Wilson also learned more about the precarious situation of Pakistani Christian asylum seekers in Thailand. The government is getting tired of the huge numbers of refugees, so there is an ongoing police crackdown on ‘illegal immigrants’ such as these Pakistani Christians. Thailand, as we reported in an earlier article, has not signed up to the UNHCR convention over refugees and Wilson saw the evidence of the police raids including kicked in doors. This has left the Christians absolutely terrified – they are even sometimes afraid to go out and buy food when they can afford it. They can’t afford to replace the locks, and, fearful of further raids, they get friends to padlock them in from the outside to give the appearance of being empty, but given the likelihood of fire in these rough, slum-like buildings, they run the grave danger of being trapped and burnt alive. In these waves of arrests over 400 Pakistani Christians were incarcerated. If they are taken to an Immigration Detention Centre (IDC) then, if these impoverished Christians can pay 50,000 baht, about £1000, they can go free and then have a two year pardon period during which they won’t be rearrested. The conditions in the IDC are horrific with 150 locked into rooms meant for 100 with just one toilet between them. They can only sleep either standing up, or crouching down. There are still 21 Pakistani Christians in IDC, with a cost of over £20,000 to get them all out. They are forced to wear orange uniforms, and their daily ration is a small amount of rice, and cucumber soup (boiled cucumber in plain water). Papa Thongchai reports that they go in relatively healthy and come out having visibly lost significant amounts of weight and looking malnourished. The stench is horrific and Wilson almost cried when he visited detainees. They are not allowed out unless they are invited out by visitors, so when Wilson and the others visited, the detainees were overjoyed, but their smiles hid the desperation behind them. This is a real humanitarian crisis, and although it was not much, due to our thin resources, each Pakistani Christian was given 100 baht and some food. Wilson said the pain was so great, he wondered which were better off, those who die on the journey, or those who made it here. Much focus has been put on the dangerous nature of the travel from countries with persecution by mainstream media – yet they have failed to grasp the horrors that face those who survive the journey.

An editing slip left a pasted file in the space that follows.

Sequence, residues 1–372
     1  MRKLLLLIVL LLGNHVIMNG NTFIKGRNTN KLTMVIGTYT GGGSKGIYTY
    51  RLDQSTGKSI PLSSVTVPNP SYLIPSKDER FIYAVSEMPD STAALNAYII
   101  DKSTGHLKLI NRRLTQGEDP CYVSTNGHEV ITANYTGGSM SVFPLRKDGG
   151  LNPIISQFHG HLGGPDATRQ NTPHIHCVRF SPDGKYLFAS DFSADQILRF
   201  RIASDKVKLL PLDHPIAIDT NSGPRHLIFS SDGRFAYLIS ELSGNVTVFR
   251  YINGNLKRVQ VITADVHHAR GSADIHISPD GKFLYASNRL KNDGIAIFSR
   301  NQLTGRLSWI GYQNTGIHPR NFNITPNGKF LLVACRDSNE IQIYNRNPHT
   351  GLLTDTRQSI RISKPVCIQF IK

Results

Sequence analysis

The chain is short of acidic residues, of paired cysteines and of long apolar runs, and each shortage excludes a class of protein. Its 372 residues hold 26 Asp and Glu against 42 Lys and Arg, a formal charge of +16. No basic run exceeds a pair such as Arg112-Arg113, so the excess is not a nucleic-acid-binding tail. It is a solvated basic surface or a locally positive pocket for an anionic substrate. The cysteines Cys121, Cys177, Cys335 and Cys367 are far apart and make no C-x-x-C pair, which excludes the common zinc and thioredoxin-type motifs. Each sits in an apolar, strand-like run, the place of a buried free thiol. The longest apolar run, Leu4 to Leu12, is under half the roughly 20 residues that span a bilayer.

Some who are arrested don’t go to the IDC, but are taken to the Central jail where they are locked in with hardened criminals – rapists, murderers and the like. The men are stripped naked, their heads are shaved and they are put in shackles that go around their feet and legs, and their arms and hands. The women are not allowed to wear underwear and are forced to jump around to show they have smuggled nothing in internally, men are often in the same room jeering and ogling. The prisoners are fined £4 a day for every day they overstay, and can be rearrested at any time, despite paying these fines. The children of these Pakistani Christian brothers and sisters are locked up with their parents in the Central jail. Those with babies struggle especially, since although nappies and milk are made available, these are only for Thai citizens, not for these innocent asylum seekers. Mothers watch their children suffer and starve, and have to use plastic bags as nappies, unless charities supply the need. In addition, the jailors in both the Central prison and the IDCs can be very brutal.